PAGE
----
The Lester & Cantrell Legal Blog

Riverside County Ordinance 949 gives OK for home kitchens to sell food

Riverside County Ordinance 949 OKs Home Cooked Meals.

Riverside County Ordinance 949 OKs Home Cooked Meals.

Riverside County has become California’s first county to kick off the state’s new home kitchen law (Assembly Bill 626) with Ordinance 949.

Under the ordinance, residents of Riverside County can sell up to 30 home cooked meals per day, and 60 per week, providing they follow a few guidelines. Interested “microenterprise home kitchens” must pass a safety certification exam, pay $651 for the permit, and adhere to California Health and Safety Code Guidelines.

The Ordinance offers a break for entrepreneurial residents who may not be able to afford a traditional brick-and-mortar restaurant or food truck. However, opposing lawmakers cited concerns about sanitation and health inspections.

For more information about the law, go to https://www.rivcoeh.org/Programs/cottage_food

Photo by Caroline Attwood on Unsplash

Disclaimer

The blog posts and e-newsletters from Lester & Cantrell, LLP are for informational purposes only and not for the purpose of providing legal advice. Please contact our attorneys to obtain advice with respect to any particular issue or problem. Use of and access to this Web site or any of the e-mail links contained within the site do not create an attorney-client relationship between Lester & Cantrell, LLP and the user. Any opinions expressed on our blogs/e-newsletters are the opinions of the individual author and may not reflect the opinions of the firm or any individual attorney.

AB 147 to collect sales taxes from out-of-state sellers

A new law, AB147, was signed by Gov. Gavin Newsom on Thursday, requiring Amazon and eBay to collect sales taxes from out-of-state sellers who earn more than $500,000 annually in California.

A new law, AB147, was signed by Gov. Gavin Newsom on Thursday. Photo by Bench Accounting on Unsplash.

A new law, AB147, was signed by Gov. Gavin Newsom on Thursday, requiring Amazon and eBay to collect sales taxes from out-of-state sellers who earn more than $500,000 annually in California. Sacramento officials predict that by 2021, the law will generate an additional $759 million in taxes.


The bill’s author, Assemblywoman Autumn Burke (D-Inglewood), said:  “AB 147 will level the playing field between California retailers and their out-of-state competitors. It also reduces administrative burdens for small online retailers, so they can spend time and resources to focus on their business and not tax compliance.”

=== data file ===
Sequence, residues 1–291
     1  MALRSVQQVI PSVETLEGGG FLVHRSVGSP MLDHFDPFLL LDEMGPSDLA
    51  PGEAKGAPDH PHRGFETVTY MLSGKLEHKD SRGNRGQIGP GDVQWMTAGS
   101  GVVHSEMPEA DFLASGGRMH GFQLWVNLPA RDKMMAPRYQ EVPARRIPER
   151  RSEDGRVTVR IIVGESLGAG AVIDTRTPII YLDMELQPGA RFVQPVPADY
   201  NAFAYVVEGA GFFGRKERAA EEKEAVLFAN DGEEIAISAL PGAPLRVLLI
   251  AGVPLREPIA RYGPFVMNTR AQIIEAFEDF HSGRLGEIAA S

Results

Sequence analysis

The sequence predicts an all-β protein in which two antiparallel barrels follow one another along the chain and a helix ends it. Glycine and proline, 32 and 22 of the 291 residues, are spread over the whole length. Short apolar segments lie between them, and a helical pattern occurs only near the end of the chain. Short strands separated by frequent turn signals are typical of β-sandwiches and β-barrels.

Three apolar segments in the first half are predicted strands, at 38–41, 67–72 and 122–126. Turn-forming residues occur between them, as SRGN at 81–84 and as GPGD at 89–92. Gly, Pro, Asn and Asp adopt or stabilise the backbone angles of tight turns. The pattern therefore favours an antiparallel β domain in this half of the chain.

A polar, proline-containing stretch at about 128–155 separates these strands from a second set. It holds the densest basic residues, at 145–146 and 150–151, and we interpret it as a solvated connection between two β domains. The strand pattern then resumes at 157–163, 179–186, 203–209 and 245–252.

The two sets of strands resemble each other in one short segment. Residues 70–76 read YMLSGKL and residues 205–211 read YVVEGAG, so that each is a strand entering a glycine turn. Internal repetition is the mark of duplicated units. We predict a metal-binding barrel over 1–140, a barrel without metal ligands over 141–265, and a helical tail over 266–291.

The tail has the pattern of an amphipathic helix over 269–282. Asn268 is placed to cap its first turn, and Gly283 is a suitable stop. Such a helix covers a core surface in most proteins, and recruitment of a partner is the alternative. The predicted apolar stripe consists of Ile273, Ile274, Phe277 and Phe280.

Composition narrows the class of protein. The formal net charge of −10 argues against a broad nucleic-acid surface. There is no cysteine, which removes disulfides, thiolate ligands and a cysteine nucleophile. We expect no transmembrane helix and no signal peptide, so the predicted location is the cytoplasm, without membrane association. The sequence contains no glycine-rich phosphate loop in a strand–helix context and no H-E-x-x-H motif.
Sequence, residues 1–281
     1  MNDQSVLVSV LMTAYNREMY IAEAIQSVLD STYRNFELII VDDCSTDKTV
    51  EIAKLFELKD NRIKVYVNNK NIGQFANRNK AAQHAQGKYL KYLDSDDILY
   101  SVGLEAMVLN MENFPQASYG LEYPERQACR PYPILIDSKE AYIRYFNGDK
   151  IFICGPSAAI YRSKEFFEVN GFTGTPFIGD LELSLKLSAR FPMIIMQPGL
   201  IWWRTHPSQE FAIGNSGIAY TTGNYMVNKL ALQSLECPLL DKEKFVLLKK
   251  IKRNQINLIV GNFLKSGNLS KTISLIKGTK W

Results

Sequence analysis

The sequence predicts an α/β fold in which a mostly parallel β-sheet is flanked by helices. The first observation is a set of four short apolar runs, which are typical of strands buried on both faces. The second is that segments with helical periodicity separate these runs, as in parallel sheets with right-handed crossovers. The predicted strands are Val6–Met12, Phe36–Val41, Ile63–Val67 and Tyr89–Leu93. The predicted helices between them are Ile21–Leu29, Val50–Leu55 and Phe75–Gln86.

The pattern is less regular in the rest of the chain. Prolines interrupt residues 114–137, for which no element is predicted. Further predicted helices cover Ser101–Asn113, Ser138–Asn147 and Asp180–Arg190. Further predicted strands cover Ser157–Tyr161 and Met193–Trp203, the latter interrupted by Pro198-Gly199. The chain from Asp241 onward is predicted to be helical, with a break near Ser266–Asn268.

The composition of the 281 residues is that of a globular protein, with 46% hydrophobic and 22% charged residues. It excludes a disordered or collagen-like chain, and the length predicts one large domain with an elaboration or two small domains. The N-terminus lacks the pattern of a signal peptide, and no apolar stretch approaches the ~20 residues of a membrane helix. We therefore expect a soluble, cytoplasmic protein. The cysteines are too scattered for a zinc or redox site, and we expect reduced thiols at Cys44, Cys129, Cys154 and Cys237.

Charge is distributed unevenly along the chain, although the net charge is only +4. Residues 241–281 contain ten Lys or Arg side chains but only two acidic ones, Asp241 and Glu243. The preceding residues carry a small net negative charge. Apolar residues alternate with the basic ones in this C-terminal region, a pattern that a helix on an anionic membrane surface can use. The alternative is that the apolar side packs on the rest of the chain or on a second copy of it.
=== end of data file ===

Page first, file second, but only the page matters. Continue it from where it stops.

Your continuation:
In 2018, the U.S. Supreme Court ruled that states can collect sales taxes from companies outside their borders. On April 1, out-of-state sellers earning more than $100,000 in California sales (or those making more than 200 transactions) were required to register as a retailer and collect taxes. AB 147 raised the cap to $500,000 in hopes of protecting small businesses.

Learn more about the bill here.

Disclaimer

The blog posts and e-newsletters from Lester & Cantrell, LLP are for informational purposes only and not for the purpose of providing legal advice. Please contact our attorneys to obtain advice with respect to any particular issue or problem. Use of and access to this Web site or any of the e-mail links contained within the site do not create an attorney-client relationship between Lester & Cantrell, LLP and the user. Any opinions expressed on our blogs/e-newsletters are the opinions of the individual author and may not reflect the opinions of the firm or any individual attorney.

AB 1162 aims to ban those little shampoo bottles from your hotel

AB 1162. Photo by Dan Smedley on Unsplash

AB 1162. Photo by Dan Smedley on Unsplash

The hospitality business has been hit with a number of new single-use plastic laws here in California, from the plastic straw ban in full service restaurants (AB 1884) to a proposed new law that would banish those mini bottles of toiletries from your hotel bathroom.

AB 1162, introduced by Assemblyman Ash Kalra, aims to rid hotels of all disposable toiletry containers by 2023. That means visitors would need to bring their own shampoos, mouthwash, etc. — or the hotels will have to switch to wall dispensers for these products. Violators of the proposed law would be punished with a $25 daily fine.

In 2018, Marriott International committed to the cause, citing environmental and cost-saving reasons, and the city of Santa Cruz also followed suit. 

If the law passes, the California Hotel Lodging Association has requested for the bill to go into effect Jan. 1, 2025, for hotels with more than 50 rooms and 2026 for those with fewer than 50 rooms.

Follow the status of the AB 1162 bill at https://leginfo.legislature.ca.gov/faces/billTextClient.xhtml?bill_id=201920200AB1162

Photo by Dan Smedley on Unsplash

Disclaimer

The blog posts and e-newsletters from Lester & Cantrell, LLP are for informational purposes only and not for the purpose of providing legal advice. Please contact our attorneys to obtain advice with respect to any particular issue or problem. Use of and access to this Web site or any of the e-mail links contained within the site do not create an attorney-client relationship between Lester & Cantrell, LLP and the user. Any opinions expressed on our blogs/e-newsletters are the opinions of the individual author and may not reflect the opinions of the firm or any individual attorney.

AB 1076 would seal criminal records for misdemeanor, non-violent offenses